12  
+1 Made sense to me. Can't go wrong with the old animal/dog/cat example! –  Repo Man Apr 16 '10 at 13:48
6  
@Knownasilya - Thats not true. The &-Operator gives the address of the Sound-Object, which is needed by the interface. letsDo(Operation *v) needs a pointer. –  AquilaRapax Feb 1 '13 at 12:58
3  
In your "main" example at the end : theSound.hereIsACat(c) would have done the job, how do you justify for all the overhead introduced by the pattern ? double dispatching is the justification. –  franssu Sep 18 at 10:46

The reason for your confusion is probably that the Visitor is a fatal misnomer. Many (prominent1!) programmers have stumbled over this problem. What it actually does is implement double dispatching in languages that don't support it natively (most of them don't).


1) My favourite example is Scott Meyers, acclaimed author of “Effective C++”, who called this one of his most important C++ aha! moments ever.

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2  
+1 for both links and giving me the name double dispatch to google! –  Joe Oct 21 '13 at 13:05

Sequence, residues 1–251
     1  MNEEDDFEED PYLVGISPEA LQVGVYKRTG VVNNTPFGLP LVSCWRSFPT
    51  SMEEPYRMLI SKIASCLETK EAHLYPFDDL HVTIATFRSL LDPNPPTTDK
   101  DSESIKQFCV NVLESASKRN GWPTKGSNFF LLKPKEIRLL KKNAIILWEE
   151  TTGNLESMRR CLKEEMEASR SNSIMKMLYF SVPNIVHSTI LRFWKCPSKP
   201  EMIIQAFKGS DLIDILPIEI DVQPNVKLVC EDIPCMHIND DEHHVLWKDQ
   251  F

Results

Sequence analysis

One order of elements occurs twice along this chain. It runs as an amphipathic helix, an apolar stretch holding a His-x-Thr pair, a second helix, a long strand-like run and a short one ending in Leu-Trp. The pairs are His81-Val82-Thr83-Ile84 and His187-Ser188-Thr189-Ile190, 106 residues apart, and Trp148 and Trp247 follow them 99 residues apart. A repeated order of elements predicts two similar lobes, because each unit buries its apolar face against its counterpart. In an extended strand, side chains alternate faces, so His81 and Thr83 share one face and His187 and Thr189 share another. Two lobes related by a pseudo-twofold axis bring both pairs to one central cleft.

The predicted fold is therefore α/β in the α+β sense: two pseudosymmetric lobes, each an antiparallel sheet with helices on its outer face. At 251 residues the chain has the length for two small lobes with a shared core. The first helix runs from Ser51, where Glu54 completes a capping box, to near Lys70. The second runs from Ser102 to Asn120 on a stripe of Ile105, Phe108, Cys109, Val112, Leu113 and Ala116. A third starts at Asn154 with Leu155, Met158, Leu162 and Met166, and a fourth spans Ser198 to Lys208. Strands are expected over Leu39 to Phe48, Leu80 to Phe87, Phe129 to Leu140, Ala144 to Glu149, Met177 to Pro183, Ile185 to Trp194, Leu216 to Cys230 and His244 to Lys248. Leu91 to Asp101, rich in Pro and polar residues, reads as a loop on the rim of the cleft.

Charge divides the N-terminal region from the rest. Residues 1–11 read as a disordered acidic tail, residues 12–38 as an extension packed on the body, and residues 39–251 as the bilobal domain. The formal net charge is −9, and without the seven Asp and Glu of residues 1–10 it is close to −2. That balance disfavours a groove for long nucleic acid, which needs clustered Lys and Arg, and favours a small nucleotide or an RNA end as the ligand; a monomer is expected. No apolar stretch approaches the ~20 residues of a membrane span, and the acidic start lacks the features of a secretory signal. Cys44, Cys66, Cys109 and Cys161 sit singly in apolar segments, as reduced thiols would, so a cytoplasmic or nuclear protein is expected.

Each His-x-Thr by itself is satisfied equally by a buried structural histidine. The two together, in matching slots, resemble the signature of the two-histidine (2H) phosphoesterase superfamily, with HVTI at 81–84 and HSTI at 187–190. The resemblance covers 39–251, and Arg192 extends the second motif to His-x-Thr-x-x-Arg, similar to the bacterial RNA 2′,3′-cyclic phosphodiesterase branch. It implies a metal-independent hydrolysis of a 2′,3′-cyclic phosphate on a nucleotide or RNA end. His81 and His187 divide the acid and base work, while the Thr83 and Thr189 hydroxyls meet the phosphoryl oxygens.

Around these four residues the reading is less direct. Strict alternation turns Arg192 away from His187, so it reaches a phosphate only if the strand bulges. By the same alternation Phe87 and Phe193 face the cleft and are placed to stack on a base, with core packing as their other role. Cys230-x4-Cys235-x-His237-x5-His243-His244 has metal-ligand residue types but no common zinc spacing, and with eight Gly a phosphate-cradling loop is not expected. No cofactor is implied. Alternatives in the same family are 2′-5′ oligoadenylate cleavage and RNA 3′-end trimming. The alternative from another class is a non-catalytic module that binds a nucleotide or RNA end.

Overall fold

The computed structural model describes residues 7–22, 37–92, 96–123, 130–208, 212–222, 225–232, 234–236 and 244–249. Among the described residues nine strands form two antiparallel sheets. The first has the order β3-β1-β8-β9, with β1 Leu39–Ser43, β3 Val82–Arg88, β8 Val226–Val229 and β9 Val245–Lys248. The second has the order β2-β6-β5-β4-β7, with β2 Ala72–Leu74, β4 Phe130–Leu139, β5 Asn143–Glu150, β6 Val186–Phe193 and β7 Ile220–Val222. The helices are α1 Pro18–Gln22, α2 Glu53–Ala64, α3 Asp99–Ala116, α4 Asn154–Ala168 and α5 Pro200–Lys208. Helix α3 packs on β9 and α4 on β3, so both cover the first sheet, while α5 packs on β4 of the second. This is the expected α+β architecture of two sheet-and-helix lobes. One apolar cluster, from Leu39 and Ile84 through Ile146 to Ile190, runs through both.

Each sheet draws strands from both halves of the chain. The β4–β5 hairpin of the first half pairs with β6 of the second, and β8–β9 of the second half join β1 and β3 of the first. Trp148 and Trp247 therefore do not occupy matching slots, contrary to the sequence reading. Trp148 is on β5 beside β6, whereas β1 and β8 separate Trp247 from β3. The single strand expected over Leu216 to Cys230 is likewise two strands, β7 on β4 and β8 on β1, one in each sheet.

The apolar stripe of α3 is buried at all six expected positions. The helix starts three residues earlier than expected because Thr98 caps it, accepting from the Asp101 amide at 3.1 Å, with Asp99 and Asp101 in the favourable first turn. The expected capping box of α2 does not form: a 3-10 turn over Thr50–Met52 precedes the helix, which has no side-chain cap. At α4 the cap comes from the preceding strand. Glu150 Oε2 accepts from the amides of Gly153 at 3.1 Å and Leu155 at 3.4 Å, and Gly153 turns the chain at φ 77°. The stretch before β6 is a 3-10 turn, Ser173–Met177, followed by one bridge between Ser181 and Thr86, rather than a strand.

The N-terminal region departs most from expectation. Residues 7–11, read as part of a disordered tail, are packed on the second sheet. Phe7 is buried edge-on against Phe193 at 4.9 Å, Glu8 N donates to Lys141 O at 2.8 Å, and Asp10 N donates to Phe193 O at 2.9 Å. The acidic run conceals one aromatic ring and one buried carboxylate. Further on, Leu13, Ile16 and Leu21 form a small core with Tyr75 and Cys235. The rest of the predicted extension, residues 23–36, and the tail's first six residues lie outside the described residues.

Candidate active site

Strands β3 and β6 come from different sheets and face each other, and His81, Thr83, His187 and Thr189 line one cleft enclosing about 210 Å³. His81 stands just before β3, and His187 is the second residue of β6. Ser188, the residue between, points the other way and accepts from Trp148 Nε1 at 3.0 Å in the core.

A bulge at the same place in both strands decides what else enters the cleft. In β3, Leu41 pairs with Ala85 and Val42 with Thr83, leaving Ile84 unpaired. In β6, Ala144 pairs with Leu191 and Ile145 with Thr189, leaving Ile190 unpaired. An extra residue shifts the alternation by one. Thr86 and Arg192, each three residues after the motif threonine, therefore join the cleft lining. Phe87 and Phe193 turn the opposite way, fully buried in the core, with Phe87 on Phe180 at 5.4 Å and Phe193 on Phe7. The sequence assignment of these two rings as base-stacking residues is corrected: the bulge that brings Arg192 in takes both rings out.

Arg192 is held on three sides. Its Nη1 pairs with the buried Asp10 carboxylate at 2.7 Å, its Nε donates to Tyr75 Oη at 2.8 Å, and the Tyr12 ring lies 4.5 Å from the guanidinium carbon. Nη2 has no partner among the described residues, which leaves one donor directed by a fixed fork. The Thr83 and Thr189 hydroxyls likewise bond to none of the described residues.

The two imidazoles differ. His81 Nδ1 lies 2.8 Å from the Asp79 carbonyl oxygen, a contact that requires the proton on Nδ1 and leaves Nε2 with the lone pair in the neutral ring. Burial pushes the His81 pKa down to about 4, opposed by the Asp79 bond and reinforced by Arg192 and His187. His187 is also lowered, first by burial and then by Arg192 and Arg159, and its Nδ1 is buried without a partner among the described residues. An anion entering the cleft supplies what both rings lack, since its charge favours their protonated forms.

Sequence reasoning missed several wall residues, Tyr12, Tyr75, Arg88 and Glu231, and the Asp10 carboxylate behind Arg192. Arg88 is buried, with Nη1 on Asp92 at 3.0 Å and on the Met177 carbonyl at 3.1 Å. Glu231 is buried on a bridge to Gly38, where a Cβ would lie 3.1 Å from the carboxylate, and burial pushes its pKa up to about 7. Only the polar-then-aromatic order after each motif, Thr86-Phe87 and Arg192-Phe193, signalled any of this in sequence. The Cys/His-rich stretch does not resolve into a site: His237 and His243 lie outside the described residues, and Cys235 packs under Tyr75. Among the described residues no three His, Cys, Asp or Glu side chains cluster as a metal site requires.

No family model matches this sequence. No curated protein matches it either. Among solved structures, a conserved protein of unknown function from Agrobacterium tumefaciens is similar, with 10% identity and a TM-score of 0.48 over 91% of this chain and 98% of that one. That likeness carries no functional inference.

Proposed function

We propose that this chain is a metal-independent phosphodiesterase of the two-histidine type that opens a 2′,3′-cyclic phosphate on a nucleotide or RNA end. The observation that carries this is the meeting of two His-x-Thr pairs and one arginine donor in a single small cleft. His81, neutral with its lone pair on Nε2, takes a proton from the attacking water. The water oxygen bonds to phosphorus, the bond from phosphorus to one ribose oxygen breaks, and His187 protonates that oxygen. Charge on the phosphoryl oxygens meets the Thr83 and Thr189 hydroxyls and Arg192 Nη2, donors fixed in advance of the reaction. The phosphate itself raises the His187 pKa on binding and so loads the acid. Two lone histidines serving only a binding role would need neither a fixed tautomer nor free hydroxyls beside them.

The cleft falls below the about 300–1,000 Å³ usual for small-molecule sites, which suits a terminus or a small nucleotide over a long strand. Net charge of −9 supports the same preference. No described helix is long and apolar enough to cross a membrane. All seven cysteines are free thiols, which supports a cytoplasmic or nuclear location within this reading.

2  
+1 "there is no pattern" - the perfect answer. the most upvoted answer proves many c++ programmers are yet to realise the limitations of virtual functions over "adhoc" polymorphism using a type enum and switch case (the c way). It may be neater and invisible to use virtual, but it is still limited to single dispatch. In my personal opinion, this is c++'s biggest flaw. –  user3125280 Jan 20 at 5:51
    
@user3125280 I've read 4/5 articles and the Design Patterns chapter on the Visitor pattern now, and none of them explain the advantage of using this obscure pattern over a case stmt, or when you might use one over the other. Thx for at least bringing it up! –  S.Pinkus Feb 16 at 13:36
1